Speaker & media consultant | Evangelist for your social agenda
by Jan Hutchins, CEO of SocialAgenda Media.
Because I used to be “somebody” people are always asking me what I think of the media. This is a blog about media, new and traditional, and I carry a bias against the way dependence on ratings affect the media today. The parallel debate in the new media industry is do we create content for the visitor or the search engines? My bias against creating solely for the search engines seems appropriate to explain as we start getting to know one another.
I was a media star zooming along on television in San Francisco when the FCC changed my life. In 1981, for radio, and 1984 for television, the Federal Communications Commission, as part of deregulation, ended the requirement stations conduct interviews with community leaders, solicit and maintain public files of comments about programming, and make the public aware of the station’s duty to address community issues. Stations had also been required to file Problems/Programs Lists with the FCC, outlining community problems and listing specific programs broadcast to address them.
There was debate over the effectiveness of ascertainment as it was called, but there was no question it was a threat to broadcasters that community groups might (and did) use the requirements to threaten the stations’ license renewal. Without that threat stations have had few challenges to their licenses to essentially print money using the public (our) airwaves.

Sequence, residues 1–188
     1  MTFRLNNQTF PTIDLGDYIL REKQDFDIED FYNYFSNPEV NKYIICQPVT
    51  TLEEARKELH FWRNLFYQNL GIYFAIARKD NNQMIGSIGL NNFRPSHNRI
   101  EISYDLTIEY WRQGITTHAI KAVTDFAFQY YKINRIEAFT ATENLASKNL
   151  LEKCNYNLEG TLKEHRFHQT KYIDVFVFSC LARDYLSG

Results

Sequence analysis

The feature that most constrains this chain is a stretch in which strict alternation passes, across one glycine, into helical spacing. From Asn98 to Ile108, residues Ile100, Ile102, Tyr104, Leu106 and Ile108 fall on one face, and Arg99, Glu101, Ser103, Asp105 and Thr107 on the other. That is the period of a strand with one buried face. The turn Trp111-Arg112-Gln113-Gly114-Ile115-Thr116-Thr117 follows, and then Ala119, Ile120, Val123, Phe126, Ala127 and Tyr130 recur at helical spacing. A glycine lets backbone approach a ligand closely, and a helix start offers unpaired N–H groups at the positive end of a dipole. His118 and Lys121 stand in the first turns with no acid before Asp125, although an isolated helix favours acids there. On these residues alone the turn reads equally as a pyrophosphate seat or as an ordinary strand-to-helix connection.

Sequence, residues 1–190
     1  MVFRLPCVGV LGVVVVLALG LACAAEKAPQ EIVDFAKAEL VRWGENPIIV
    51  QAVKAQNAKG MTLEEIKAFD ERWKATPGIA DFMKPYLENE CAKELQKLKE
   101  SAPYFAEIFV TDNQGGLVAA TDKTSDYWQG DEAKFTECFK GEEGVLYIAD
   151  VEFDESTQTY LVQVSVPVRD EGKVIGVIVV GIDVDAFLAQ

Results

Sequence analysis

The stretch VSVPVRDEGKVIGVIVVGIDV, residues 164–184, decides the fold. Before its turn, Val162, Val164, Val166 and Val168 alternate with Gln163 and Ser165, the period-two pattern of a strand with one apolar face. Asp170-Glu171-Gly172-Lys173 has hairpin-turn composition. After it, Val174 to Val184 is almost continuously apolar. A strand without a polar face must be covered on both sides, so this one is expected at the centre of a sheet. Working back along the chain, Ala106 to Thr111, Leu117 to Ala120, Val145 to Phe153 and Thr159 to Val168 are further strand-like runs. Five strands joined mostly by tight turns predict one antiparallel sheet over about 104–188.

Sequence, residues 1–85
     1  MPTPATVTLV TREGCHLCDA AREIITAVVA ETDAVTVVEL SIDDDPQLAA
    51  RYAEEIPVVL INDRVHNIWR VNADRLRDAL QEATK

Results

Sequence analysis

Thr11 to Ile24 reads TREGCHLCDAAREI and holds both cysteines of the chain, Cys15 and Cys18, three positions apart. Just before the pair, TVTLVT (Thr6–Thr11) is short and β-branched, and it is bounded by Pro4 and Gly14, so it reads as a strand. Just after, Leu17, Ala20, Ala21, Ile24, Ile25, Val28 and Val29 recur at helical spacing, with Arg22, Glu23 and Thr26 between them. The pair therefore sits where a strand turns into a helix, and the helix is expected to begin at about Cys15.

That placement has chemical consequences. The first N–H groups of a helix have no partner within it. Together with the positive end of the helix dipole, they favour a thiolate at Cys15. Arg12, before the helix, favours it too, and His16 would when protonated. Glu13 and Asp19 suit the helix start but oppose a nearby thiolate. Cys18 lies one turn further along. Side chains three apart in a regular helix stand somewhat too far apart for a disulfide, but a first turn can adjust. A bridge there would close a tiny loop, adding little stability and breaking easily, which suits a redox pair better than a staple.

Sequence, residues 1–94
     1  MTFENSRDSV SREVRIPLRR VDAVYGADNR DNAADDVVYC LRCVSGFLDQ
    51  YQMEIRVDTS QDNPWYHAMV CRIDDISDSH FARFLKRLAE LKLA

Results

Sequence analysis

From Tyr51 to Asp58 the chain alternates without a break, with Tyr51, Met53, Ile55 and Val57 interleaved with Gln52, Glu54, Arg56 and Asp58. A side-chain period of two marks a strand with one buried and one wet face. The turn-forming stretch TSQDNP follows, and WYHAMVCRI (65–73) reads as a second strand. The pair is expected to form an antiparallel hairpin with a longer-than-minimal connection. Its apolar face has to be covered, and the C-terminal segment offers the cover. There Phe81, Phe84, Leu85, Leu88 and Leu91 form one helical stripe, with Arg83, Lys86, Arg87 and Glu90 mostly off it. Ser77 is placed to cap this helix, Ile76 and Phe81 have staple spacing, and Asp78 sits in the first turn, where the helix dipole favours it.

In 1985, the Federal Communications Commission ended guidelines for minimal amounts of news and public affairs programming media outlets had to broadcast and how many ads per hour media outlets could broadcast.
Before deregulation getting good ratings for newscasts was a bonus but the emphasis was on quality of content, after, it all changed. The perhaps unintended consequence was to turn station’s attention from community service to profit making. News operations were forced to be just another profit center and ratings became KIng.
Staffing was reduced and the reporting of original news stories became nearly impossible. The understandable pressure on well-intentioned people caught in this new system created a dumbing-down of content and cynical manipulation of audiences to get ratings and save their jobs.
Terms like “rip and read” (just reading wire service copy and calling it reporting) describing the news format as “tits, tots and pets”, and “if it bleeds it leads” highlight the cynicism that ensued. Studies show watching local television news these days actually creates negative misperceptions about reality.
News companies can now choose to either serve the community’s right to be informed or let programming be determined by their profit margin. They regulate themselves based on their individual, journalistic ethical code.
Deregulation also led to the media conglomerate mergers that we have today. Ask the folks at KGO radio in SF or anywhere else in the business just how that’s working.
For me, deregulation was the beginning of the end of my media dream to be part of saving the world. (I know, so naïve!)
That was nearly 30 years ago. I got frustrated and left the business. Today I start this blog with renewed hope that science has made art and hopefully artistic journalism possible again. By the way, the title and keywords in this posting have not been Search Engine Optimized.
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